A survey of music activities in the penal institutions of northeastern United States
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The problem. I£ we assume that the function of penal institutions is to reform, which is the modern scientific approach, and that reformation is an educational process -- so music should form an integral part of this phase of education because of its influence and contribution towards the mental health and life development of the individuals in these institutions. This study is an attempt to ascertain the extent to which music activities are carried on in the various types of penal institutions in northeastern United States. It is intended that the present study be regarded as an introductory study in determining the degree to which music activities are being used as part of correctional education. The institutions used in the present study represent the state and federal institutions of northeastern United States which includes those of the states of Maine, New Hampshire, Vermont, Massachusetts, Rhode Island, Connecticut, New York, New Jersey, and Pennsylvania. The penal correctional institutions are of various types including prisons, reformatories, penitentiaries, penal farms, vocational schools, correctional institutions, and institutions for the criminally insane. Since there must be some limitations as to scope in a study of this character, the writer has confined his attention primarily on the following music activities: band, dance orchestra, concert orchestra, choral groups -- religious and non-religious, instrumental instruction, appreciation or listening, minstrel show, and community singing. Another important aspect is determining the extent to which the various institutions have any music activities in which the individuals participate as performers or listeners. Listening would include time spent listening to music over the radio and over the public address systems in the work shops and dining halls. Summary of findings. About one-tenth of the penal institutions that returned the questionnaires have no music activities of any kind, and in about three-tenths only a few music activities are maintained. In the remainder of the penal institutions the music activities are quite varied. The musical activities include listening to music over a reproducing or public address system in the work shop and dining hall, and listening to music over the radio. Other activities are: band, dance, orchestra, concert orchestra, choral groups, instrumental instruction, appreciation or listening, minstrel shows, and community singing. A few of the more progressive institutions put on operettas, and some have advanced classes in music such as -- music theory, harmony, and counterpoint. A number of institutions lack music activities. From the reports made by the various penal directors it is evident that there are several factors influencing this. Among these are insufficient appropriations, lack of space, the need of proper personnel, and the interference of music activities with the work program. From the comments made by the directors or administrators it was made apparent that music activities in the penal institutions of northeastern United States are used and needed by the individuals in these institutions for instruction in wholesome leisure-time activities, for guidance towards the achievement of mental health, and as an aid in a type of social education designed to develop personal insight and an understanding of interpersonal values and community living. [TRUNCATED]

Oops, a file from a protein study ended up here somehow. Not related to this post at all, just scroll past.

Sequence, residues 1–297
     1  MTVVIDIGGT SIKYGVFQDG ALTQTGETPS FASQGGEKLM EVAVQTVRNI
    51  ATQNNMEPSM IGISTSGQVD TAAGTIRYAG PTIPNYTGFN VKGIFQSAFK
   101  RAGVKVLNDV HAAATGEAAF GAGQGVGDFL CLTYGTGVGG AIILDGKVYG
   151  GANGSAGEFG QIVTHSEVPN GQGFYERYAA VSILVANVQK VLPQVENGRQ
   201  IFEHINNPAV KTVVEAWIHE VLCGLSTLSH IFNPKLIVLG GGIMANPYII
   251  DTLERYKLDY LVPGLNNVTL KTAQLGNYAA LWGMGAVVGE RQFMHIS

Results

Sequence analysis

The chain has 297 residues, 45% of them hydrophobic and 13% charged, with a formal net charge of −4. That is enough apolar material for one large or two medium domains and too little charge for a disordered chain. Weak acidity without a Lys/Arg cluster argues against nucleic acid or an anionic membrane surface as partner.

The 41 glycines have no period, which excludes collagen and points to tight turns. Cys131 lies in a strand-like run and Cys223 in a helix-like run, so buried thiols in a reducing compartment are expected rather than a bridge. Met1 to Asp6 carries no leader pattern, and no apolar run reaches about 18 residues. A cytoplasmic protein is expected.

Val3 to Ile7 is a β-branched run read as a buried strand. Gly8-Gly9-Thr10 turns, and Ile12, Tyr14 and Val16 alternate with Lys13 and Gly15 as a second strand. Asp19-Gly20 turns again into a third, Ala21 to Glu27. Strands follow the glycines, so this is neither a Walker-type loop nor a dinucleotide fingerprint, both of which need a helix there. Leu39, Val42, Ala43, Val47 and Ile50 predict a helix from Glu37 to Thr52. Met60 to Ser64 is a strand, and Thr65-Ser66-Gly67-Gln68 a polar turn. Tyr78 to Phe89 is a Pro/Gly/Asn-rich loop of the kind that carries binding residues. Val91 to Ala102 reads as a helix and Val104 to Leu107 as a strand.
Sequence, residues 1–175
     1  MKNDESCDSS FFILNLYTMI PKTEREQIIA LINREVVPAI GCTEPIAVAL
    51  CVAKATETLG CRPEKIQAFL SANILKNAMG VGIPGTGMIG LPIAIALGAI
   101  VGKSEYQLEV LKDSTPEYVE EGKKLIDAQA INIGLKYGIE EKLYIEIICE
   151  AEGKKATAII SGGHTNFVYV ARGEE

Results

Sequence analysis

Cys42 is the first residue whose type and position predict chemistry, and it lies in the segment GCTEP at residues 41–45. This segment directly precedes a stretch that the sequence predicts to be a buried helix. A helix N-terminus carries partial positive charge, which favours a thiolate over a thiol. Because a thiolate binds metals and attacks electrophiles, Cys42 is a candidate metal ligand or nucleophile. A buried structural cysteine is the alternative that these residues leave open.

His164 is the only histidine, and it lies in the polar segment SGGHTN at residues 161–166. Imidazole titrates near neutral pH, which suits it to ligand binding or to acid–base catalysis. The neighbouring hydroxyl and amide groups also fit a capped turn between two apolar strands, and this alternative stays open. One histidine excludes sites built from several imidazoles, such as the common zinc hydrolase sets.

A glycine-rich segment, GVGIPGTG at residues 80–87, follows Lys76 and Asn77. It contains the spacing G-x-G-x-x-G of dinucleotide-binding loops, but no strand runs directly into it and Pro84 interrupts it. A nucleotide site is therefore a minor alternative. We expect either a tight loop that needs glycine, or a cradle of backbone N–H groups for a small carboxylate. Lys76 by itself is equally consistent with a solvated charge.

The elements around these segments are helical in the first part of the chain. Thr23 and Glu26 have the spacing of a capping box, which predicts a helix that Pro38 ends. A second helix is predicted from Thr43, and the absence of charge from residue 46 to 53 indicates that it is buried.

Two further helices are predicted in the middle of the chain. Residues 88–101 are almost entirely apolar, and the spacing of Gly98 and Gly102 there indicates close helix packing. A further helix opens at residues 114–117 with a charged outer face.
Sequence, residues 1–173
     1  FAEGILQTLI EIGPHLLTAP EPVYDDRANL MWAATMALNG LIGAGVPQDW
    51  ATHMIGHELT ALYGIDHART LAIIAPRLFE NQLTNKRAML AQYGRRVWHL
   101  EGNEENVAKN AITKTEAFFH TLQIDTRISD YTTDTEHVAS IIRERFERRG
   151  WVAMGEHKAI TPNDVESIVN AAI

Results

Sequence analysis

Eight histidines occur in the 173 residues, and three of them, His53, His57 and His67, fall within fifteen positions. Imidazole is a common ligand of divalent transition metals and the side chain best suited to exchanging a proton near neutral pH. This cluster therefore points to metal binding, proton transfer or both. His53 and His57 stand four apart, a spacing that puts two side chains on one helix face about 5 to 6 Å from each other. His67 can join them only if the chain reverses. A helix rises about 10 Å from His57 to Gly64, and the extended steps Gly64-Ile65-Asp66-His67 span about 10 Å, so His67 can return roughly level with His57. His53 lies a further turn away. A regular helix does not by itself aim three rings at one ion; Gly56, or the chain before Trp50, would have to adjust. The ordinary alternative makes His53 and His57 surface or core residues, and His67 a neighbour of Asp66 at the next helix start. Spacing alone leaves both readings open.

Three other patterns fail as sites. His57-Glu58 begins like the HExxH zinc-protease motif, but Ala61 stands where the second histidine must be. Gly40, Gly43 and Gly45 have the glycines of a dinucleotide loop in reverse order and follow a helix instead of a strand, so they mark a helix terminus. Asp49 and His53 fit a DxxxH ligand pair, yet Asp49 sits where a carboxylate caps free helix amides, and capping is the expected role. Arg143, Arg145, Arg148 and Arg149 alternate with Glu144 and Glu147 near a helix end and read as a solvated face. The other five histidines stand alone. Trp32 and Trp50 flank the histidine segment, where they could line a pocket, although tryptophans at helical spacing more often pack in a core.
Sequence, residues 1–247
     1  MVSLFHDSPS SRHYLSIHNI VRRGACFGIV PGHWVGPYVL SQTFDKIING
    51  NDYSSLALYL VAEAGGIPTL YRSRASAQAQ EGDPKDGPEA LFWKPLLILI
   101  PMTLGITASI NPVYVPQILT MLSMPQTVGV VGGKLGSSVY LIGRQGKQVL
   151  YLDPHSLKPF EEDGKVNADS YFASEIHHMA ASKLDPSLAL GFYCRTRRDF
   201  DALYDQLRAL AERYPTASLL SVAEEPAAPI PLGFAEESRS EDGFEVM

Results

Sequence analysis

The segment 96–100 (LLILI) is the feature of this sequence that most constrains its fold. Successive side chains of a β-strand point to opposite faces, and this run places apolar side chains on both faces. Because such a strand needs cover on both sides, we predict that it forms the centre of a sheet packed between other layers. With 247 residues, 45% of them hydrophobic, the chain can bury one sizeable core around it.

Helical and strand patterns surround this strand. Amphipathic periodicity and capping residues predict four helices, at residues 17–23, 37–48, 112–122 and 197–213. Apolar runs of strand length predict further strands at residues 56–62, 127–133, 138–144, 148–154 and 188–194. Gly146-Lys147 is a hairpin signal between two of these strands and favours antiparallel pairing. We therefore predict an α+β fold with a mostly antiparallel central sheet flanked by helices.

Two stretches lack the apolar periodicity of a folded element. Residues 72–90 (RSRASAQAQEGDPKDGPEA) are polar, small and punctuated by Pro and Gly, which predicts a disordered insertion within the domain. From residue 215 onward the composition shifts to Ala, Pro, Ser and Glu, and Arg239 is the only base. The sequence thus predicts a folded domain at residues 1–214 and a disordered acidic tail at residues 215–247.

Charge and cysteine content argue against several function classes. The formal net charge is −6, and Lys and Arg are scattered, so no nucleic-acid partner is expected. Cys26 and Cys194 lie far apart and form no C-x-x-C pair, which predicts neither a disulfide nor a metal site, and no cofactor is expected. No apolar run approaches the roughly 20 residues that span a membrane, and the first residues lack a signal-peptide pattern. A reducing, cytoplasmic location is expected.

Thesis (M.A.)--Boston University
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